<CustomAction Id="AssignTargetDir" Property="TARGETDIR" Value="C:\" Execute="firstSequence" />
    <Custom Action="AssignTargetDir" Before="CostInitialize">TARGETDIR=""</Custom>
    <Custom Action="AssignTargetDir" Before="CostInitialize">TARGETDIR=""</Custom>

  2. When we install into location other than Program Files all components MUST have associated GUIDs. Sounds like quite easy to do but think of ALL those ~1000 files that are part of the squid installation… so in order to do that it would be nice to have some PowerShell brewed in:

    $refs = @()
    $path = "m:\squidwindowsmsi\2.7\squid\share\errors"
    $result = Dir($path)
    $result | foreach {

    $name = $_.Name
    write-host "<DirectoryRef Id='$name'>"

    $sub = Dir($path + "\" + $name)
    $sub | foreach {
    $line = $_
    $guid = "{"+[System.Guid]::NewGuid().toString().toUpper()+"}";
    write-host "<Component Id='$name`_$line' Guid='$guid'>"
    write-host " <File Id='$name`_$line' Name='$line' KeyPath='yes' DiskId='1' Vital='yes' Source='`$(var.OUTDIR)\squid\share\errors\$name\$line'/>"
    write-host "</Component>"

    $refs += "<ComponentRef Id='$name`_$line'/>"
    write-host "</DirectoryRef>"
    $refs | foreach {
    write-host $_

  3. We would need several custom icons and bitmaps that could make our installer look better… the easiest and nicest ones are located on the squid web site in the section “Squid artwork
  4. Post installation steps (renaming configuration files, creating cache directories and installing Squid as a service) will be done from batch based custom action that would run the command file installed into c:\squid\bin\post_install.bat. Code to run the custom action is:

    <CustomAction Id="PostInstall" ExeCommand="[INSTALLDIR]bin\post_install.bat" Directory="INSTALLDIR" Execute="deferred" Return="check"/>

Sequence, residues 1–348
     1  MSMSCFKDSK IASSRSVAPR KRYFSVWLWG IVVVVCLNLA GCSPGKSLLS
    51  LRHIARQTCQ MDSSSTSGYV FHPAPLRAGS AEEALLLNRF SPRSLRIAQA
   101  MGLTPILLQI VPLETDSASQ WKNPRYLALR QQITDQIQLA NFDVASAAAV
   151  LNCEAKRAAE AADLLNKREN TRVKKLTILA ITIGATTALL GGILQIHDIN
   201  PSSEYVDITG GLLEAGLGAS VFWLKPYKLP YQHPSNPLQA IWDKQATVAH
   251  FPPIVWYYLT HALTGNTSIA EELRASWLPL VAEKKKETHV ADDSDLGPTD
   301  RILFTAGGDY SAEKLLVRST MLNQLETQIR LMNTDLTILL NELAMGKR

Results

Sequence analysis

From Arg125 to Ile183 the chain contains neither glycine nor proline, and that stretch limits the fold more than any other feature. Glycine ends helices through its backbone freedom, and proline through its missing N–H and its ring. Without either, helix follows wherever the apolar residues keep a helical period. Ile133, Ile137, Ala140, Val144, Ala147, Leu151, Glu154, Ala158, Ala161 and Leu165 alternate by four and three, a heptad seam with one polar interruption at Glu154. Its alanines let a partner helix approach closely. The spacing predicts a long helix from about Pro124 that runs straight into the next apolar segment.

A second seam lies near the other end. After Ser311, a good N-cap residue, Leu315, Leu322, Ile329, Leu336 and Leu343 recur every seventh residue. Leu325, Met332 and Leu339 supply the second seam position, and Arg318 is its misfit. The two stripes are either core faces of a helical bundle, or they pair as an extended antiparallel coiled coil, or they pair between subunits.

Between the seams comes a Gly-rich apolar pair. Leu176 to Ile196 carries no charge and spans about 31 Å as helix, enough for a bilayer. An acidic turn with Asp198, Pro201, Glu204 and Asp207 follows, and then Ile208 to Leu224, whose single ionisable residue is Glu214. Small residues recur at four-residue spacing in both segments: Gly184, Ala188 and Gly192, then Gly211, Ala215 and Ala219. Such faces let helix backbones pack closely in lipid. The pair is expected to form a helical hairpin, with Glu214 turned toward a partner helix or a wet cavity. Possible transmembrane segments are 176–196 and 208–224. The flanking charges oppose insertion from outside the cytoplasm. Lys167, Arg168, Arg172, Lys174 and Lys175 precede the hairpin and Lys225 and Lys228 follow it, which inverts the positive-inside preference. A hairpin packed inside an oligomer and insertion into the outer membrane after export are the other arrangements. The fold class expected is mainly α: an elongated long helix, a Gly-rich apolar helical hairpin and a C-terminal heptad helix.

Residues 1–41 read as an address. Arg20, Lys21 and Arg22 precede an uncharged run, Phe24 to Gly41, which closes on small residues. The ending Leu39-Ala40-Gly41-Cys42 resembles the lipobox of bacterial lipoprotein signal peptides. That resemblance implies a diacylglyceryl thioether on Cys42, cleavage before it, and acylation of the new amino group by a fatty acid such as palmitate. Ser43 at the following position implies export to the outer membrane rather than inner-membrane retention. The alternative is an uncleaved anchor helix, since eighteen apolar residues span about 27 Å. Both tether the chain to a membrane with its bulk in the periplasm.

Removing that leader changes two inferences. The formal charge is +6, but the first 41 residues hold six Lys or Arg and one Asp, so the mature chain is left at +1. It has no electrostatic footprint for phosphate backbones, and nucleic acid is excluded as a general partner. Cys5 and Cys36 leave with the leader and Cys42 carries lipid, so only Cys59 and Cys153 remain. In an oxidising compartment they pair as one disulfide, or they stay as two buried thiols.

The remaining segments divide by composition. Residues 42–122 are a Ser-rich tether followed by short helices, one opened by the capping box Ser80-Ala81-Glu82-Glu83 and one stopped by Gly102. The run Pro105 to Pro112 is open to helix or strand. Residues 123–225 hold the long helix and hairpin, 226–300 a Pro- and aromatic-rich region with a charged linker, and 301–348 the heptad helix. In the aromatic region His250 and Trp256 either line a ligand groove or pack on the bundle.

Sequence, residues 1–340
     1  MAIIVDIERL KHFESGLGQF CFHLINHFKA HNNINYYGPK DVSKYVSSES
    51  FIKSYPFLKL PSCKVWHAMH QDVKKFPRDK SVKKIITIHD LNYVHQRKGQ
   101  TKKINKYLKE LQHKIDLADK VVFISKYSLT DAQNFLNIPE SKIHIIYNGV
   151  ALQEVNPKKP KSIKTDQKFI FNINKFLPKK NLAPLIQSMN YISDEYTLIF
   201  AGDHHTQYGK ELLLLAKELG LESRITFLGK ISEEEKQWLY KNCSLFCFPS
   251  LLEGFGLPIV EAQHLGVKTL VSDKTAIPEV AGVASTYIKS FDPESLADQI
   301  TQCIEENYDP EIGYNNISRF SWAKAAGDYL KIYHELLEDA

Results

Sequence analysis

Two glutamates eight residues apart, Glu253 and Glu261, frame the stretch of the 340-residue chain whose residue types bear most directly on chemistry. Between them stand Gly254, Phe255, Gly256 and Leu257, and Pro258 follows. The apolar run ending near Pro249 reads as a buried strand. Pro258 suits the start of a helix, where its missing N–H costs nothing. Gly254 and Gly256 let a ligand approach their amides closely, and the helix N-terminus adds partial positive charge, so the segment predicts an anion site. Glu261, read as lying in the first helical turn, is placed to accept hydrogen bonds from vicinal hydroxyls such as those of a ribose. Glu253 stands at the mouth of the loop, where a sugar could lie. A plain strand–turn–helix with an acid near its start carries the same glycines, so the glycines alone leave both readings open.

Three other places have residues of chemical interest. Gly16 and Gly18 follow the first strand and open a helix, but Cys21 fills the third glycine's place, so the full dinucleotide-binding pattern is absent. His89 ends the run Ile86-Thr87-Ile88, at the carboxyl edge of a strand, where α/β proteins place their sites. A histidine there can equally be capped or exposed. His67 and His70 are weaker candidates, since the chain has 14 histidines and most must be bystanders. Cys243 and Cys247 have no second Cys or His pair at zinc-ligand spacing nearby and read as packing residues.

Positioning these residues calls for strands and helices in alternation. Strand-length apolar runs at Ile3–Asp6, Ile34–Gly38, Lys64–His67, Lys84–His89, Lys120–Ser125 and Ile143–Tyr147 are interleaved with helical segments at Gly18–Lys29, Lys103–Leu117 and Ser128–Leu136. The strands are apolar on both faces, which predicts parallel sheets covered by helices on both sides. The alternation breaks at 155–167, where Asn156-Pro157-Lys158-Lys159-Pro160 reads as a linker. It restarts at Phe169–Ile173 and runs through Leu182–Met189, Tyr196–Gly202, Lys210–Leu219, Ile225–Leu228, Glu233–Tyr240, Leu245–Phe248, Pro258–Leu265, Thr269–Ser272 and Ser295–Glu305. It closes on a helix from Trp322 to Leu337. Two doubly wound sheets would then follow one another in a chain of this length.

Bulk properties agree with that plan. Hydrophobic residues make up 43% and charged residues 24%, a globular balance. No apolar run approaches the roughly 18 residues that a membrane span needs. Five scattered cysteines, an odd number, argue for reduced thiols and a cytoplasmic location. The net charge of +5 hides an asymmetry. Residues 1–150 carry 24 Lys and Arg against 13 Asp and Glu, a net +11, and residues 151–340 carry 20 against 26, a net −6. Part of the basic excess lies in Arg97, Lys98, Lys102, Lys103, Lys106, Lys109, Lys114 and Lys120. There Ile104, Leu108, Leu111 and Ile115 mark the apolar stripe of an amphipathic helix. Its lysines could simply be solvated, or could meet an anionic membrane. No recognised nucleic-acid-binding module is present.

<Custom Action="PostInstall" After="InstallFiles">NOT Installed</Custom>

Other parts of the WXS file are very common and simple. We will also create a batch file to ease the light and candle compilation and revision numbering. Contents of the batch file is pretty obvious and are out of the interest now šŸ™‚

Step 3. Build and share our work

Typing build_msi.bat in the m:\squidwindowsmsi is sufficient to product fully blown MSI installer for Squid. It can be installed, uninstalled on the Windows Home Server without problems. All your home network browsers are now capable of using open sourced, free and well known Squid proxy for efficient caching of web traffic.

Well (would you say) but where are the files themselves, we need files and not instructions to get going! If you really need them here they are We have created a SourceForge based project to share our findings with you. Feel free to comment and join development!

About sichent

This entry was posted in Network, proxy, squid, WHS. Bookmark the permalink.

4 Responses to Installing Squid Proxy on Windows Home Server

  1. Kevin says:

    Ummmm???? I think you skip like 10 steps cause this makes no sense at all (I’m one of the people you mention who probably won’t understand the README file..) Sorry, just need to let you know.

    • sichent says:

      Yes it is always hard to draw the line… i guess most of the text here could have been clearly written… but there from my point of view is another way – give a try to MSI installer of squid and if something NOT works – file a bug and we or some other guy who knows Wix will try to fix it šŸ™‚

    • sichent says:

      Kevin, I have written another post that tries to explicitly picture all the steps involved, but Squid is now installed on the WHS 2011.

  2. Pingback: Installing Squid on Windows Home Server (WHS) 2011 | sichent

Comments are closed.